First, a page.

Marvel’s Agents of S.H.I.E.L.D. is back and it has gotten really dark. Like seriously dark. Not that it’s a bad thing. The darkness works and it’s “Aftershocks” darkest moments that are the most satisfying. In fact I would put this episode as one of my faves if it wasn’t for Marvel’s Agent Carter. Because while Agents of S.H.I.E.L.D. is good, and I am fully invested in everything that’s happening, Agent Carter was a masterpiece and I would sacrifice 1000 Agents of S.H.I.E.L.D.’s for just one more episode of Agent Carter.
This week on Agents of S.H.I.E.L.D. the team are dealing with the aftershocks of what happened in San Juan. They’re trying to work out exactly what happened in that underground city while mourning Trip’s death. To say that things are a little tense is an understatement. Also Raina and Skye are both regretting the whole super powers thing, Raina because she’s covered in thorns and Skye because all her friends are terrified of her. There’s also a bunch of stuff happening with Hydra but it’s watching Skye and Raina deal with their transformations that make this episode worth watching.
“Aftershocks” is really the premiere of a whole new Agents of S.H.I.E.L.D. One that directly confronts the disjointing contradiction at the heart of this series. The old Agents of S.H.I.E.L.D. is still there in Coulson’s plan to trick Hydra into turning on each other. But through the InHuman storyline, this show has been forced to acknowledge that the whole concept of S.H.I.E.L.D. goes against the ideas of individualism that are the basis of most superhero stories, particularly those seen in the Marvel Cinematic Universe.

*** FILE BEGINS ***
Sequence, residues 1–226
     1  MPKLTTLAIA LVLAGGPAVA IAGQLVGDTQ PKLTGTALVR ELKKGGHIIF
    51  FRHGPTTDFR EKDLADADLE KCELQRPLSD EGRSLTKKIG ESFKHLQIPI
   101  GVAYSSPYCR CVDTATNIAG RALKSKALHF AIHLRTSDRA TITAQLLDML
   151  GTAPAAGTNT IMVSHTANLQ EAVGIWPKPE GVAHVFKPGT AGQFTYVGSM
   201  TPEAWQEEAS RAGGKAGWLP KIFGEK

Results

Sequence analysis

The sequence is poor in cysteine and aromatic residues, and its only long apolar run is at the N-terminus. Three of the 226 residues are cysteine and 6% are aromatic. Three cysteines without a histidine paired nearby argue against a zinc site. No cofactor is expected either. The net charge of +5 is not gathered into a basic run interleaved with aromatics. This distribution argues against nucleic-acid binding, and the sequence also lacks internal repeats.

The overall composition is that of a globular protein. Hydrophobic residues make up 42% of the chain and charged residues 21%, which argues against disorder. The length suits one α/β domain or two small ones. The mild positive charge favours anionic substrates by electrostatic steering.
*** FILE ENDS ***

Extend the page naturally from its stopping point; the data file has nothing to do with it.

In the big screen epics of the Marvel canon S.H.I.E.L.D. is at best incompetent and at worst antagonistic. Generally the bureaucracy of a government agency is at odds with the everything the superhero is and does. Agents of S.H.I.E.L.D. tried to combat this after the Captain America: The Winter Soldier shake-up by presenting themselves as rogues in opposition to the military. But General Tablet is basically team S.H.I.E.L.D. now and the truth is they might not be an official government body anymore but they’re still doing the same job. And their job is essentially to monitor and control superheroes.
S.H.I.E.L.D.’s attempts to control superhuman individuals continually backfired in Season 1 and while they had a few discussions about the ethical dilemmas of the situation, those superhumans were almost always depicted as others. They were all outsiders. Sometimes the S.H.I.E.L.D. team members would try to understand them but S.H.I.E.L.D. was always on the outside looking in, and audience was looking through the eyes of S.H.I.E.L.D. Now one of their own has become the other they have hunted for so long and watching how they deal with that is no doubt going to be a fascinating experience.
As an episode, “Aftershocks” was ambitious but ultimately messy. That said, the moment at the end of the episode when Skye breaks down after Fitz has lied to protect her, that was a truly magnificent moment that made the whole thing worthwhile. I don’t really care about Bobbi and Mack’s secret, and I’m not really interested in the heads of Hydra that are now apparently gone. But I am so very invested in Skye and Raina’s transformations and more importantly how S.H.I.E.L.D. deals with those transformation that I cannot wait until next week’s episode.
Author: Undie Girl
Undie Girl (aka Von) has a BA (Hons) Major in Cultural Studies. The title of her honours thesis was “It’s just gay and porn”: Power, Identity and the Fangirl’s Gaze. She’s currently pursuing a Masters of Media Practice at University of Sydney. Von’s a former contributor The Backlot’s column The Shipping News and a current co-host of The Geekiary’s monthly webcast FEELINGS… with The Geekiary.
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